Identifying children’s strengths and developing and nurturing children’s talents could provide a more effective and better education and produce a happier and more successful society.
So what do you think of the idea of improving the educational outcome for our children by assessing each child at a reasonably early age for their natural talents and abilities, and then focusing their educational years on developing those natural talents to nurture and improve them, thereby helping that child achieve their greatest potential.
In reality we are largely a society with a system of education that encourages children and students to make a decision about their future career at 15 – regardless of their natural skills, and we often end up trying to turn natural musicians into scientists or natural gifted nurses, or doctors into business entrepreneurs.
Can you imagine a world where we identified children’s talents and skills at a reasonably early age and concentrated on nurturing and developing those talents, rather than simply teaching them those subjects demanded by those who dictate school curriculums – despite the fact they will likely never meet or understand the potential of that individual child.
Would we not have a society that was more accomplished and happier? Could be become a people of greater intelligence that cared more?
I won’t attempt to broach the subject of expecting a child to really know what they want to do with their life at the tender age of 15, but I have to wonder looking back where my life might have gone if my parents had identified my natural love of music and talents as a musician, rather than simply telling me that if I did not go to university or college, that I would not amount to anything.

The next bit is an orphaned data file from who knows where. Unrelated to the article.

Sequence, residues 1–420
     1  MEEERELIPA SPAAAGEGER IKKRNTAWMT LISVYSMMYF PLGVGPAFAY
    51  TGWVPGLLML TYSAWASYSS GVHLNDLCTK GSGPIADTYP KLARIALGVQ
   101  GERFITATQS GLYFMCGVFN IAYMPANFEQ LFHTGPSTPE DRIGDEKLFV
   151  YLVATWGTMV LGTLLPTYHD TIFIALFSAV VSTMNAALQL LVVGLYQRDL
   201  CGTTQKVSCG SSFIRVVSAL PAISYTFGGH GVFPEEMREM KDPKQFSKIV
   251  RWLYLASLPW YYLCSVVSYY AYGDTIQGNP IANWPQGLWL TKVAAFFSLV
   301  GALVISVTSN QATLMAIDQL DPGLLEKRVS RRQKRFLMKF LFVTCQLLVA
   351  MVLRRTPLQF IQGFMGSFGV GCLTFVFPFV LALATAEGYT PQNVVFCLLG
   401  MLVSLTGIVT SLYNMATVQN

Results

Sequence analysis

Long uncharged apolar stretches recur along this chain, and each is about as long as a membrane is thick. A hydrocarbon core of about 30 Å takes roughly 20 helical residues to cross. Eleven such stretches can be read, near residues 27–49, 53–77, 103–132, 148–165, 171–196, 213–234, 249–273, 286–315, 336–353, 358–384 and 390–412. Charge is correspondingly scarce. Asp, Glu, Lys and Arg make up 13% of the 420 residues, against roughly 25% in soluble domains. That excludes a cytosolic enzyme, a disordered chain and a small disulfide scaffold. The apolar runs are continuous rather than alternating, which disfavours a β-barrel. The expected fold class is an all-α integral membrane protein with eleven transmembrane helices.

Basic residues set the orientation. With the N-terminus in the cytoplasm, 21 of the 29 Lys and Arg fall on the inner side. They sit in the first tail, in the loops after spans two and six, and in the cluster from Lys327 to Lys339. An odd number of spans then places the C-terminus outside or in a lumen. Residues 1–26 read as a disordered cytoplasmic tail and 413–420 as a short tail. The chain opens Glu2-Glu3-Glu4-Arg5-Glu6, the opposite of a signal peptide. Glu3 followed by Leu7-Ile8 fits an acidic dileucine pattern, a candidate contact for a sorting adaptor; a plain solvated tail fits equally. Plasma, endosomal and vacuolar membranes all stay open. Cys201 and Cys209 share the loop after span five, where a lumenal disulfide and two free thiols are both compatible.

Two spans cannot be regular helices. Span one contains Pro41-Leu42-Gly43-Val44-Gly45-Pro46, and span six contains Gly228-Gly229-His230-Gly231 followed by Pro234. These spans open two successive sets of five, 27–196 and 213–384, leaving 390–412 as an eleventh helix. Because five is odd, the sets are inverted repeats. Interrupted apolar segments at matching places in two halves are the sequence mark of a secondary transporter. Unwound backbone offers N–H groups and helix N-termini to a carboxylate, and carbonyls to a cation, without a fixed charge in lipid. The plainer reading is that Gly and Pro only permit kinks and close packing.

At 55 years of age I still have a desire to continually learn more about music and an insatiable desire to continually improve as a musician. It was a talent that I had to discover for myself in my mid-20’s, but by then daily responsibilities made it extremely difficult to seriously consider such a change in direction.
Maybe we have allowed society and it’s materialistic demands to dictate the meaning of success and true happiness.
True happiness can only come about through a fulfillment, and often that fulfillment is closely aligned with those natural talents and abilities that I believe we all have.
And doesn’t true success lie in achieving that happiness and fulfillment?
Why attempt to change a naturally gifted artist into an accountant, when if those natural skills in art had been nurtured and developed, that artist could have potentially become so successful they could afford to employ as many accountants as they need.
If you believe as I do that every child has some natural talent or skill, then you have to wonder how many people in our society have failed to achieve happiness and success because we adults failed to recognize the flaws in the way we develop and educate of children?
What do you think?
Is taking more time to identify each child’s natural talents an issue that could dramatically change the society in which we live?